KENYA, APR 23 — The Nairobi Securities Exchange has said it learnt a lot during the first issue of Kenya’s mobile phone-based bond-M-Akiba last year, and is ready to improve trading around the product for higher returns.
Among the biggest challenge the bond face was the traditional reluctance among people in embracing new products, the NSE has said, which led to a slow uptake by Kenyans.
The world’s first mobile-traded retail bond which debuted in March last year failed to hit its target of Ksh1 billion, raising a paltry Ksh247.7 million.
The government had offered Kenyan’s an opportunity to invest in the bond market with a minimum investment of Ksh3, 000 through Safaricom’s M-Pesa and Airtel Money, with a return of 10 per cent which is tax-free payable after six months.
This is about 17 times lower than the traditional minimum amount of Ksh50,000 required to buy Government-issued bonds, only enjoyed by banks, pension funds and deep-pocketed individuals.
Speaking at the just concluded 7th Building African Financial Markets (BAFM) seminar in Nairobi, NSE head of Information Technology Irungu Waggema said most Kenyans doubt new products during their initial introduction stage, but embrace them later after they prove to be working.
“It was also an election year and many people were holding on to their money because of the uncertainty in business that usually comes with the period,” Waggema noted.
NSE has conducted two studies- an independent and internal, to find out where the bond failed and ways to improve it going forward.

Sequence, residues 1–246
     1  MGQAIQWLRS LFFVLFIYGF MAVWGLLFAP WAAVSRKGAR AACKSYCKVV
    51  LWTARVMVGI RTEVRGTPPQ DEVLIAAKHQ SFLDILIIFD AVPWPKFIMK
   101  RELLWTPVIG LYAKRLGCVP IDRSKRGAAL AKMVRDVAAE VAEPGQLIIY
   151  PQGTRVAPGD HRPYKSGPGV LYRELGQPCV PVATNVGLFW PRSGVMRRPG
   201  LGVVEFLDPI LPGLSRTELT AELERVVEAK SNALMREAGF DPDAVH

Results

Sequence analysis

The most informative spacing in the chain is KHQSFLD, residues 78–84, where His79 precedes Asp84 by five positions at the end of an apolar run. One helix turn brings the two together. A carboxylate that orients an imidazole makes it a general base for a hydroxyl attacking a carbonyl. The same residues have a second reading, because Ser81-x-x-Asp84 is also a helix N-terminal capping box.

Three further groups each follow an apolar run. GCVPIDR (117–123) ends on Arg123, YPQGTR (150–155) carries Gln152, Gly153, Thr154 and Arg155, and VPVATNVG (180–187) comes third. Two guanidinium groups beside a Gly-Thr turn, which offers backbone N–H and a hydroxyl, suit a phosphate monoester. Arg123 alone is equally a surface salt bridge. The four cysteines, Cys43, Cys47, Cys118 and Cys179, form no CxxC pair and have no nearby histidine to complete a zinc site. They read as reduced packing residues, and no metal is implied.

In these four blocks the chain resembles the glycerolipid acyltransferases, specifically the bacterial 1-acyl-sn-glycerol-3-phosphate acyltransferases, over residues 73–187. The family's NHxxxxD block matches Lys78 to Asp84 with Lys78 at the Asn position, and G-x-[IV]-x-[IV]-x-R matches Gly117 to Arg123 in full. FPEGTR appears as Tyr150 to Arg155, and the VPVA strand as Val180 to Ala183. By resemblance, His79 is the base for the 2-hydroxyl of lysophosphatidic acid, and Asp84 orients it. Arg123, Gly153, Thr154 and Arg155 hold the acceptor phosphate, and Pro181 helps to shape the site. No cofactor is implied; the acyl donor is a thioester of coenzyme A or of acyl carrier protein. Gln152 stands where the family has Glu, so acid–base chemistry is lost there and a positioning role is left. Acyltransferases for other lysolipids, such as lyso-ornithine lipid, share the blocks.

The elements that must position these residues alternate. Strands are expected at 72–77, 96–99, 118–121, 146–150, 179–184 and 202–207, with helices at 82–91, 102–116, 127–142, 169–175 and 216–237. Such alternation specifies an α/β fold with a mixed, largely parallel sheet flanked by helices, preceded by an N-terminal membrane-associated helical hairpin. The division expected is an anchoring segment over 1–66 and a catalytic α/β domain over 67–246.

“We have lessons learnt,” Waggema told delegates at the forum, saying trading around the product will be further improved and its uptake is expected to surge in future.
Among key measures which have been put in place include firming up cyber security to curb cheats and an automated broker system which aligns with M-Akiba’s auction rule of first come first serve.
NSE also plans to conduct an extensive public awareness campaign to educate masses on the bond and how it works.
Investors in the bond have already received their first 10 per cent interest, paid by treasury in the first quarter of this year.
“People were reluctant but now they know it works. We expect going forward it will gain momentum and we are likely to see Kenya become a country of bond holders,” Waggema said.
NSE chief executive Geoffrey Odundo said the bourse will continue with product innovations, while expanding the capital markets which play a key role in funding development projects.
“We appreciate the fact that we need to do more and we are working on that, to strengthen structural governance and accelerate capital markets,” Odundo said.
The government introduced the mobile-based bond last year aimed at borrowing from the public to fund infrastructural development.
The National Treasury first tested the market with a Ksh150 million pilot sale that was launched on March 23, which excited the market with an oversubscription.
The bond’s main sale however failed to impress forcing Treasury to extend its sale by close to two months.
Treasury Cabinet Secretary Henry Rotich announced a seven weeks extension of the bond’s sale on July 22, pushing its closure to September 11.
NSE said it expects a vibrant market for M-Akiba when it comes back into the market.
According to Waggema, there is a huge opportunity for pension funds where people can invest using the M-Akiba platform.
“We might even in future introduce M-Akiba to shares and derivatives,” Waggema said.
Other entities backing M-Akiba include the Central Bank of Kenya (CBK), Central Depository and Settlement Corporation (CDSC) as well as service providers Safaricom and Airtel.